HEAR AND NOW: Hip-hop's next superstar

| 11/16/09 11:00pm
After three high-profile mixtapes, hip-hop artist Wale has released his major-label debut,
by Courtesy of GQ.com / The Dartmouth

The truth is, despite his relative obscurity on this campus, Wale has been hip-hop's all-but-anointed "next big thing" for years. The D.C. native came from Washington's local go-go scene and broke out into the hip-hop mainstream two years ago touring with the likes of Jay-Z and super-producer Mark Ronson and releasing a trifecta of high-profile mixtapes.

Wale was hailed as a thinking man's rapper, whose lyrical genius was matched only by the originality of his beats.

Music insiders and hip-hop fans have been waiting with bated breath for Wale's major-label debut this fall, hoping that the spring's less-than-impressive, Lady Gaga-featuring single "Chillin'" did not mean Wale had resorted to dumbed-down ringtone rap.

With "Attention Deficit" (2009), released on Nov. 10, Wale allays any concerns that he had sold out. The album is a fast talking, tongue-twisting, wholly-original debut with a surprising introspective strain.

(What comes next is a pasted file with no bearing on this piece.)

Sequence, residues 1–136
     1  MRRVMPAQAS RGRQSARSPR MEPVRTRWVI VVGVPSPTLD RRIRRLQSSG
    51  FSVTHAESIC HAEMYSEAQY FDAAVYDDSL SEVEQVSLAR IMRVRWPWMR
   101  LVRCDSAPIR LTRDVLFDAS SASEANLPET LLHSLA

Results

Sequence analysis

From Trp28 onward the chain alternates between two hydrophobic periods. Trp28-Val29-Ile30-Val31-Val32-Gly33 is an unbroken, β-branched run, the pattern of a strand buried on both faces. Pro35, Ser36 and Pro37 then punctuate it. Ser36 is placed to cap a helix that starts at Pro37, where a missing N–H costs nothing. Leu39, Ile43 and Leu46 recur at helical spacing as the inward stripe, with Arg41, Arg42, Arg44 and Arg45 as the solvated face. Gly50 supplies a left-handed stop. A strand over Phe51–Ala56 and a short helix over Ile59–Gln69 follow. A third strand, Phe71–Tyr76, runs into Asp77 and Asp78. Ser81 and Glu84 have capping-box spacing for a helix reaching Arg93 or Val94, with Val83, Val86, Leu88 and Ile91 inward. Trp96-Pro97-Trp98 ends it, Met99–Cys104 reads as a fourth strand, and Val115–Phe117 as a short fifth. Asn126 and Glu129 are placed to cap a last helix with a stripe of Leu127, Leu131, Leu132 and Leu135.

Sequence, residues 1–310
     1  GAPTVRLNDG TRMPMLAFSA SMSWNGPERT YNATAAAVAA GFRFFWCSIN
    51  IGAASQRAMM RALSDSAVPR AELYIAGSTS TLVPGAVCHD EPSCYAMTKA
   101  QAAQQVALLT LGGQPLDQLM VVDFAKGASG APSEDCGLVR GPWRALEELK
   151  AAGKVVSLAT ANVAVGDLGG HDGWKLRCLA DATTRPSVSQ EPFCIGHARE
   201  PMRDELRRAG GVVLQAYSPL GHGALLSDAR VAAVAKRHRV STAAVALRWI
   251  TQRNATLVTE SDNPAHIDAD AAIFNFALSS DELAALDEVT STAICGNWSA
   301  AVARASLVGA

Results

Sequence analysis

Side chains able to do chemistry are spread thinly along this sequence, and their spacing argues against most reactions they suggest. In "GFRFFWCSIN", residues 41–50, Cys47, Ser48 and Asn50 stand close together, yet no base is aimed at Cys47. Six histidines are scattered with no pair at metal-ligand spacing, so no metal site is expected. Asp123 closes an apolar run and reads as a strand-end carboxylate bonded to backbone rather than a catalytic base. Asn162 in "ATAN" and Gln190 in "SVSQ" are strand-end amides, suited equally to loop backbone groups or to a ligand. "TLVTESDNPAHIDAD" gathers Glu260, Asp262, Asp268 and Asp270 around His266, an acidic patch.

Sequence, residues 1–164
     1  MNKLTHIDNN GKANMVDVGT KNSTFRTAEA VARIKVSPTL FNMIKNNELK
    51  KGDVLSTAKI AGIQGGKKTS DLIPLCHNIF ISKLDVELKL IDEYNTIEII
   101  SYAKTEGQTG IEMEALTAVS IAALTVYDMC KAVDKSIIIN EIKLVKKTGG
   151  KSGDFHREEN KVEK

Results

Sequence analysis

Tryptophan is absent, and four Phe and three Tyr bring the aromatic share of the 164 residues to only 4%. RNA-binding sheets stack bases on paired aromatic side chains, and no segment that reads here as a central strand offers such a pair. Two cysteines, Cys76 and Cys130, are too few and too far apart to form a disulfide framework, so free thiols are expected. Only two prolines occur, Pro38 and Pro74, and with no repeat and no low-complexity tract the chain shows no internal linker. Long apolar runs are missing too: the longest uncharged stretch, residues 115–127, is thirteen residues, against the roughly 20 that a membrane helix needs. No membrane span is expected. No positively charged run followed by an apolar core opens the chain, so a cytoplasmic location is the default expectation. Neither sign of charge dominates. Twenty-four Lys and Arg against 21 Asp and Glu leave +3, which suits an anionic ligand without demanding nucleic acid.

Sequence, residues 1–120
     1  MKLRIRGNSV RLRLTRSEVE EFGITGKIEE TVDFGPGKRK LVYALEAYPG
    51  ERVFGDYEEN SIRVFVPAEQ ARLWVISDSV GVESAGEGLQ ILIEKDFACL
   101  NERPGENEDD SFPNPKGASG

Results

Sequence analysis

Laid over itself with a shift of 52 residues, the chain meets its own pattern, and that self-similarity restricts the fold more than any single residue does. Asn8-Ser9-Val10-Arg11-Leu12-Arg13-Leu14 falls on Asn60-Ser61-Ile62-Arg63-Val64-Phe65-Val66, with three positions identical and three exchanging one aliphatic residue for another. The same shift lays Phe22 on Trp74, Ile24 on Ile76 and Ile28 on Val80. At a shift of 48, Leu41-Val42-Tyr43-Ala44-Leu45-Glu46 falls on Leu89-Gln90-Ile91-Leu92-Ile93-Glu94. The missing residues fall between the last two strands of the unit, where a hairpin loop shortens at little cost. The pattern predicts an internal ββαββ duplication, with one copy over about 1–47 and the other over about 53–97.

The title refers to Wale's belief that the music industry has privileged easily marketable images over talent "If hip-hop need a wakeup/We the f*cking clock radio," he raps.

Wale has a swaggering, charming and earnest delivery that is a refreshing antidote to the emotionless synth-rap of late.

"Pretty Girls," featuring Gucci Mane, is an upbeat amalgamation of claps, horns and gospel choir-like vocalizing that shows Wale at his most earnest and crowd-pleasing.

Wale gets introspective on tracks like "90210," in which he explores the dark side of fame through the perspective of a young girl chasing fame and struggling with bulimia.

With playful lyrics like "What you sippin' on? It's no problem/Black and gold bottles like I'm pro-New Orleans/But shorty, I'm far from a Saint/But I got two AmExes that look the same way," Wale flexes his bravado and clever wordplay.

Wale expertly selects his guest artists, with tracks featuring the likes of Pharrell, Jazmine Sullivan, Gucci Mane and K'naan.

If students were turned off from Wale's music by his shout-out to "Dartmouth University" during the Programming Board concert, that's their loss. This man is a future star.

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